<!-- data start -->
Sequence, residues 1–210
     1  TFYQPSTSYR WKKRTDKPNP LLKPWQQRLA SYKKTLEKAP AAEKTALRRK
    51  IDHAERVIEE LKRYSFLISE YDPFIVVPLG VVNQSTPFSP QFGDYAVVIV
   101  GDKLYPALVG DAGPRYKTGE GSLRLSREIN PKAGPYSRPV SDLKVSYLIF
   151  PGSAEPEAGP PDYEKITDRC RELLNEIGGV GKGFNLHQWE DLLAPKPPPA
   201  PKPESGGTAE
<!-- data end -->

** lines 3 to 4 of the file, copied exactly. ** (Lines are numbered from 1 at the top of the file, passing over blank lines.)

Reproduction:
    51  IDHAERVIEE LKRYSFLISE YDPFIVVPLG VVNQSTPFSP QFGDYAVVIV
   101  GDKLYPALVG DAGPRYKTGE GSLRLSREIN PKAGPYSRPV SDLKVSYLIF